Wall Street has been understandably preoccupied over the past few weeks with events in Washington, especially the painstaking negotiations on the so-called fiscal cliff.
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But beneath those murky political clouds, equities appear to be far from overvalued.
In fact, price-to-earnings ratios for both trailing and projected earnings suggest the S&P 500 may be trading at a hefty discount of as much as 23%, according to new research from S&P Capital IQ.
If Washington is able to avoid a doomsday scenario on the fiscal cliff, P/E ratios could rise to historical norms, sending the equity markets surging through all-time highs set weeks before the Great Recession began in late 2007.
“We believe misplaced investor fears are unjustly compressing multiples in the current environment, something we expect to reverse as the economy continues to grow, albeit at a moderate rate,” Brian Belski, chief investment strategist at BMO Capital Markets (BMO), wrote in a note to clients this week.
P/E Ratios Look Cheap
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According to McGraw-Hill’s (MHP) Capital IQ, heading into this week the S&P 500 traded at just 13 times projected 12-month earnings of $108.56 per share, compared with the median multiple of 16 going back to May 1998.
The benchmark index would need to surge 23% from Friday’s close at 1413.58 just to reach that historical multiple. Such a burst of buying would leave the S&P 500 at about 1740, 11% past the index’s all-time closing high of 1565.15.
Ed Yardeni, president of investment advisory Yardeni Research, predicts a done deal on the fiscal cliff could drive the markets beyond record closing highs even before the end of the year.
“Then we can all believe in Santa Claus and his year-end rallies,” Yardeni wrote in a note to clients.
While there is an understandable reluctance to buy into Wall Street’s estimates for projected profits, equities may even be cheap from a trailing earnings perspective.
The S&P 500 closed out last week with a trailing 12-month operating P/E ratio of 13.9, a 22% discount to the median ratio of 17.9 since 1988, Capital IQ said.
Likewise, based on GAAP earnings, the S&P 500 is trading at 16.3 times trailing earnings, 20% below the historical P/E ratio of 20.8, analysts said.
“Even though the Presidential and Economic Cycles may generate threatening downdrafts to this already low-flying economic recovery, valuations -- based on backward and forward, operating and GAAP EPS -- appear to us to be offering some offsetting uplift,” Sam Stovall, chief investment strategist at Capital IQ, wrote in a research note.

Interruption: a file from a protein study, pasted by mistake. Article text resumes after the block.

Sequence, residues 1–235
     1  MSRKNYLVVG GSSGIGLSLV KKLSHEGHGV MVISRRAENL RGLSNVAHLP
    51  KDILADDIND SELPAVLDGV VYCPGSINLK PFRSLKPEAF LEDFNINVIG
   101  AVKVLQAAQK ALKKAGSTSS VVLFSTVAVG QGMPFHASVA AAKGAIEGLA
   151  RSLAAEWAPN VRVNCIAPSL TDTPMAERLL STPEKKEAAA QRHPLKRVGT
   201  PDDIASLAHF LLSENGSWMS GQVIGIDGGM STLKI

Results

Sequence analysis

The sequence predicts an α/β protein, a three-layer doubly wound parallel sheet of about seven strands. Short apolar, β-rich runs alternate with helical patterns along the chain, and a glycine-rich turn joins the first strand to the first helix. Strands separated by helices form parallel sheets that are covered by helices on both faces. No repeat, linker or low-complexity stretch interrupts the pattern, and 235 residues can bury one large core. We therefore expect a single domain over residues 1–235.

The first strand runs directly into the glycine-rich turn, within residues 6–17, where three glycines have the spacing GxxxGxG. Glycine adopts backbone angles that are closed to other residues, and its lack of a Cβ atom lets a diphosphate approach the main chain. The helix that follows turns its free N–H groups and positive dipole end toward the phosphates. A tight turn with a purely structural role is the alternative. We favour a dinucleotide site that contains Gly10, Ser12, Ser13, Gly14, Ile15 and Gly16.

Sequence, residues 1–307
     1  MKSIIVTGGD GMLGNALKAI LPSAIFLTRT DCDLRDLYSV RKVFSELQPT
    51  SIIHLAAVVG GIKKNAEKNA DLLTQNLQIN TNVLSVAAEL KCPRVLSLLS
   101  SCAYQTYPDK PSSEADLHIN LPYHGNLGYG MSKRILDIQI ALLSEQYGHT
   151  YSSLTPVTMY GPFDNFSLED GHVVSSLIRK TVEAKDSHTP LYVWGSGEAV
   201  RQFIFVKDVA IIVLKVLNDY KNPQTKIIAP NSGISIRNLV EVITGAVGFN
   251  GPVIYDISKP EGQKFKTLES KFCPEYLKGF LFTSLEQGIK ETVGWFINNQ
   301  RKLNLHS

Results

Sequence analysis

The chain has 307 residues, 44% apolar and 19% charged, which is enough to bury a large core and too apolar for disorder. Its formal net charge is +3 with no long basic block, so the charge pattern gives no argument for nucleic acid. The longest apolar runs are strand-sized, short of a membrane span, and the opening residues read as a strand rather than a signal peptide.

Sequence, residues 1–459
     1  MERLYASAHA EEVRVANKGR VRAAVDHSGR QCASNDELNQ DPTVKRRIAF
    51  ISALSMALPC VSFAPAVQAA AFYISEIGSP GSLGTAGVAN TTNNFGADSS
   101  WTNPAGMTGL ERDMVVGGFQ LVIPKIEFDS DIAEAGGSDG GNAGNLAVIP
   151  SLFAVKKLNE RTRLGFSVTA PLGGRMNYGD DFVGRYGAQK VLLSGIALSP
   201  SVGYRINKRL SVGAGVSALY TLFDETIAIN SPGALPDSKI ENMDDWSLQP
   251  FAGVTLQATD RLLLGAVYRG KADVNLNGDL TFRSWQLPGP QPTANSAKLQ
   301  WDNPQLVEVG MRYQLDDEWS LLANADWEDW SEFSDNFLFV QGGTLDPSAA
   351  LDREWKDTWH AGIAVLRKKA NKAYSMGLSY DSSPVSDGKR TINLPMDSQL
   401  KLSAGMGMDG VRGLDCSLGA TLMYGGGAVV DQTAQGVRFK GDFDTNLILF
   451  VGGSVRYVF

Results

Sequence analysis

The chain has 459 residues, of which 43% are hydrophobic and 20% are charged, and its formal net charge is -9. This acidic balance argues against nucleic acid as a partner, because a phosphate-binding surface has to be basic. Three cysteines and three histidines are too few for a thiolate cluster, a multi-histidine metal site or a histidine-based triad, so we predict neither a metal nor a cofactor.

Inflationary Jitters Overdone?
Some fear that the Federal Reserve’s unprecedented efforts to flood the financial system with cash will set off a wave of inflation, which tends to be a large negative for equity P/E ratios.
According to Capital IQ, since 1948 the S&P 500 traded at its lowest average multiple of 10 in quarters where annual consumer price growth was at a painfully high level of 5.5% or more.
However, last week the Labor Department said consumer prices rose just 1.8% year-over-year, far from those scary inflationary predictions.
Capital IQ said that the S&P 500 has enjoyed a 12-month trailing multiple that is close to 20 when inflation is comfortably in the 1.5% to 2.6% zone, compared with its current level of 16.3.
If these valuations are proven to be cheap, it wouldn’t be the first time bullish or bearish investor sentiment became exaggerated before major events, such as at the heights of the dotcom and housing bubbles or during the depths of the 2008-09 financial crisis.
Investors tend to display this “paranoia, confusing the hiccups for heart attacks,” Matt Lloyd, chief investment strategist at Advisors Asset Management, told FOX Business.
Rosy Outlook Contingent on Cliff Deal
Of course, the flipside to this argument is that stocks could turn out to be vastly overvalued if the U.S. falls off the fiscal cliff, the $600 billion package of spending cuts and tax increases set to take effect if Congress can’t reach a compromise.
According to a risk analysis released last week by SunGard’s APT, if a decision on the fiscal cliff is delayed by one month, the S&P 500 would likely tumble 15% from December levels and shares of banks like Citigroup (C) could dive 25%.
An unlikely scenario where a stalemate in Washington persists for six months would spark a painful 25% selloff for equities and a 35% plunge for financial stocks, APT projected.
Still, there are some signs Congressional Republicans and the White House are making progress on a potential budget deal that would call for roughly $1 trillion in spending cuts and about $1 trillion in new revenue.
Reading the tea leaves in Washington, the Dow Jones Industrial Average has soared as much as 225 points, or 1.7%, through the first two trading days this week.
“As it becomes more apparent that Washington will avoid the cliff and adopt a more sensible fiscal policy, risk-asset markets should respond positively,” analysts at Morgan Stanley Wealth Management (MS) advised on Monday.